Fijian officials accused of hijacking control of USP

Wednesday June 10, 2020 Written by RNZP Published in Small World
USP's Suva campus Photo: wikicommons USP's Suva campus Photo: wikicommons

Hundreds of staff and students at the University of the South Pacific in Fiji are protesting the suspension of their Vice-Chancellor and President by the USP Council.

Nauru President Lionel Aingimea has accused a “small group” of Fiji officials of “hijacking” the 12-country regional University of the South Pacific and suspending the vice-chancellor.

The executive committee reportedly suspended Professor Pal Ahluwalia following a row over employment issues.

Aingimea has called for an urgent meeting of the full University Council to reverse the “illegitimate” action  Professor Ahluwalia, which he described as a “personal vendetta”.

“The future of our regional Pacific university is now seriously in jeopardy,” he wrote in a statement following two days of extraordinary events at the Laucala campus in Fiji.

Hundreds of staff and students have met in rallies around campus protesting against the treatment of Professor Ahluwalia, a Canadian, and demanding governance and transparency at the institution.

The USP Students Association (USPSA) Federal Council also issued an open letter yesterday calling for the resignations of the USP Council chair, former Fiji diplomat Winston Thompson; deputy chair Aloma Johansson; and the chair of the council’s audit and risk committee, Mahmood Khan.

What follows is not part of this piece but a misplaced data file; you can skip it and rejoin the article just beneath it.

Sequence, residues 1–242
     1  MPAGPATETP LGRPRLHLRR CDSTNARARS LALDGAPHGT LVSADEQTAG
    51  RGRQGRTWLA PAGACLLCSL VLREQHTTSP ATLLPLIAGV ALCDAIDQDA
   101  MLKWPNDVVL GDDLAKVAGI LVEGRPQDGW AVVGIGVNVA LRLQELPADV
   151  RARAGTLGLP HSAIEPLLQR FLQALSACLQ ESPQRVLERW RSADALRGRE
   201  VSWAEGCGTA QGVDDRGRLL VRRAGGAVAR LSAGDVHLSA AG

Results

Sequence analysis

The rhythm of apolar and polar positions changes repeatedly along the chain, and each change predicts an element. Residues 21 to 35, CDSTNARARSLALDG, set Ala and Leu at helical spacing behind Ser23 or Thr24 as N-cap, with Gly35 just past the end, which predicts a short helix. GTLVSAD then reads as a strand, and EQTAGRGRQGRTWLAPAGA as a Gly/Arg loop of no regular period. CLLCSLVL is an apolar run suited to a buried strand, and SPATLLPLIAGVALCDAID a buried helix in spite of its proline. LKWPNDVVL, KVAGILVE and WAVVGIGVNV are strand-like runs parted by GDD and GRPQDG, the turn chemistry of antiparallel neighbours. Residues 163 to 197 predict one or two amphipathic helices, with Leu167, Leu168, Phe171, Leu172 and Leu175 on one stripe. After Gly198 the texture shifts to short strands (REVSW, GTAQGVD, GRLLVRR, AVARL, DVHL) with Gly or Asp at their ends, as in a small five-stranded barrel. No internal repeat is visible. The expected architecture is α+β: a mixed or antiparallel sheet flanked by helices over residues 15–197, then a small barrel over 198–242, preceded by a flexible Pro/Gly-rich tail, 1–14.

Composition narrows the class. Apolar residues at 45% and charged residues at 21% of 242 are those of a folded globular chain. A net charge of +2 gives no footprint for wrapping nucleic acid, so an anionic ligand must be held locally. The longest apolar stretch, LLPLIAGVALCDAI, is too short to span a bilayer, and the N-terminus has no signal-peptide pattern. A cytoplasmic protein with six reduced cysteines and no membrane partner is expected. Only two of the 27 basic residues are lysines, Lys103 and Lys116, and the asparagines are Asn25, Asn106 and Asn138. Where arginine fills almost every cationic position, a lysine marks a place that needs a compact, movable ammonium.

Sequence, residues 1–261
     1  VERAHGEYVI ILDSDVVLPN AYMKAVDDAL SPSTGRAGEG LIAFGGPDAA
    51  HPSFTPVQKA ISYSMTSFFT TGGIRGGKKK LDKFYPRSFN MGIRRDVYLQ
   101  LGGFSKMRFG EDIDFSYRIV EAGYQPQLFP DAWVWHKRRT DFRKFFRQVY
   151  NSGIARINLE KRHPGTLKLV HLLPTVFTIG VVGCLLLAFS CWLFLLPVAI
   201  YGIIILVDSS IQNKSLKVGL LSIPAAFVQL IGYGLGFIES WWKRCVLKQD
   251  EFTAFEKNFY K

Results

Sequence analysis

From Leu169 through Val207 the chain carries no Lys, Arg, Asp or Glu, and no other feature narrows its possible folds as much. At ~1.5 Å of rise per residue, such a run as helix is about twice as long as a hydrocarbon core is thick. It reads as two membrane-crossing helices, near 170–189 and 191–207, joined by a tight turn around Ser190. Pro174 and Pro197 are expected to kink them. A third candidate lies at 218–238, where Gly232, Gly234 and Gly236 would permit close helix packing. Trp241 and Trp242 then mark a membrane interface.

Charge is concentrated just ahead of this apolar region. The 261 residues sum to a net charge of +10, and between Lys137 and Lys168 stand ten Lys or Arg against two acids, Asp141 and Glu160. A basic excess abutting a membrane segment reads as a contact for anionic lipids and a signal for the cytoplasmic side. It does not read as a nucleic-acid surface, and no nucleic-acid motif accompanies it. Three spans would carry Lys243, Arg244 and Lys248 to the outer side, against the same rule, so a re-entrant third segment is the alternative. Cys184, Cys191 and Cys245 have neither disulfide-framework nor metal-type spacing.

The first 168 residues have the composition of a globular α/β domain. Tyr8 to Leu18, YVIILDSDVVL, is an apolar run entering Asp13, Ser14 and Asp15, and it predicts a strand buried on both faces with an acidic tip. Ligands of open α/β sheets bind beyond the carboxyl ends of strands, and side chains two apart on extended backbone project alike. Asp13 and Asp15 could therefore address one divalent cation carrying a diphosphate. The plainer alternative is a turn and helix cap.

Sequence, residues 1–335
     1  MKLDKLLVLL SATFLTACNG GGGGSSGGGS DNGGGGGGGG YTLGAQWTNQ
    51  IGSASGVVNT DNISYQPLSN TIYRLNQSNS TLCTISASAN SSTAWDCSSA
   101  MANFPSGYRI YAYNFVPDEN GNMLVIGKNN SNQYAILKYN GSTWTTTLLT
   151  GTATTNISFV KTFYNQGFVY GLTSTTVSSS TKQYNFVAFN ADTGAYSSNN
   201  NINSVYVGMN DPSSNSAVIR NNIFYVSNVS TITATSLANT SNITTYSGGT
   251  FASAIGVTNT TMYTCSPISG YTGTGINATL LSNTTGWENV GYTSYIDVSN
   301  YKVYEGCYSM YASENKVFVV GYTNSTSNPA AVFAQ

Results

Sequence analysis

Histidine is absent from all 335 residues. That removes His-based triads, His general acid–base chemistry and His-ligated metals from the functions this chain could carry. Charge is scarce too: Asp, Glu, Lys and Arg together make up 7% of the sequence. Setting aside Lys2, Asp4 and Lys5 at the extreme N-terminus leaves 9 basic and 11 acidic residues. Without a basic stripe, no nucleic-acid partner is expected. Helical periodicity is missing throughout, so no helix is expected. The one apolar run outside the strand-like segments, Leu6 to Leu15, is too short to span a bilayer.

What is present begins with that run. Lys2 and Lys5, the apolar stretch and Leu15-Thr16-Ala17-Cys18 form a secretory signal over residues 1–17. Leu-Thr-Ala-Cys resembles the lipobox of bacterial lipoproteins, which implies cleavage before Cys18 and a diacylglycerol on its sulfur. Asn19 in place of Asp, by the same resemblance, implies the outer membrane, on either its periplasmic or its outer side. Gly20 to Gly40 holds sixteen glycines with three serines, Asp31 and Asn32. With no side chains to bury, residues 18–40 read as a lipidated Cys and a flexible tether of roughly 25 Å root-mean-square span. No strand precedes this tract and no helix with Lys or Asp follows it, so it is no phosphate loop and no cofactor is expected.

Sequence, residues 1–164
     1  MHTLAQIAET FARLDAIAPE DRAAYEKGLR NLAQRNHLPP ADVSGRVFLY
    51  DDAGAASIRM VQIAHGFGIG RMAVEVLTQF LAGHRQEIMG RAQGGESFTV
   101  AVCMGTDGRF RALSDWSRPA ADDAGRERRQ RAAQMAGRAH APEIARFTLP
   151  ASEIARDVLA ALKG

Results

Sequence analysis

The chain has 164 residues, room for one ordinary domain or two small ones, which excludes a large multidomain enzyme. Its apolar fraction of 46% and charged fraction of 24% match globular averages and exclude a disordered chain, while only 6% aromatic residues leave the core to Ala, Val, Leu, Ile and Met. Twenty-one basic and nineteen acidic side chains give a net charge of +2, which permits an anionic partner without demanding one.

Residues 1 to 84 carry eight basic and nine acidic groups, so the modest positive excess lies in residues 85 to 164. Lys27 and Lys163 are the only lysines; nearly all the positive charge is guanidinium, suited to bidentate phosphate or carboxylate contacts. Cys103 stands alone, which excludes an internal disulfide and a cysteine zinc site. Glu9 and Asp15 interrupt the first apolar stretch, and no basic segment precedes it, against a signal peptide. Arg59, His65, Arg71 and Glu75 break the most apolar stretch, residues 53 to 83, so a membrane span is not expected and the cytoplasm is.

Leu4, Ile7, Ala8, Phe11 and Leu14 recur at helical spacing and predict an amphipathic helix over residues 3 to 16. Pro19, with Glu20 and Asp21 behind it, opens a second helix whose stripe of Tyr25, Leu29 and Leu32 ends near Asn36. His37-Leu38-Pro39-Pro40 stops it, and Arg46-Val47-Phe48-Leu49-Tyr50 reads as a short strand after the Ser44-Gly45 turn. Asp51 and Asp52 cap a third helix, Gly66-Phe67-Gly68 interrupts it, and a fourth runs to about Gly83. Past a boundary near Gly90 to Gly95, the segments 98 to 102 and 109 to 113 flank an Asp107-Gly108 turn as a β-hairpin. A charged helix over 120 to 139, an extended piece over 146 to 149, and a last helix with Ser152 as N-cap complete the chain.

The statement signed by Joseph Sua, chair and president of the USPSA federal body, threatened a boycott of exams by students if the University Council did not act.

“The students will not step back from participating in peaceful demonstrations and boycotting exams, classes and other activities from USP’s 14 campuses should the USP Council fail to act,” Sua wrote.

Fiji police have launched an investigation into the protests of staff and students at USP, saying they would not hesitate to arrest people breaching the covid-19 coronavirus restrictions, reports FBC News.

Saying he was “appalled” at the developments at USP, Nauru’s President Aingimea wrote in his protest letter:

“The executive committee of the USP Council met despite the conflicts of interest and the serious concerns expressed by the council members.

“Due process was disregarded. This must not be allowed to rest here and further action is warranted.

“In recent days, the hostility and a lack of duty of care to a council-appointed vice-chancellor shows what a small group of members, who are not direct members, have hi-jacked  council processes and failed to accord duty of care and natural justice to a council-appointed vice-chancellor.

“These actions represent a personal vendetta against the vice-chancellor.”

Another council member, Samoan Deputy Prime Minister Fiame Naomi Mata’afa, posted a statement on social media saying: “Be interesting to see how  a special council meeting  pans out. USP at tipping point of becoming nationalised and the region looks on.”

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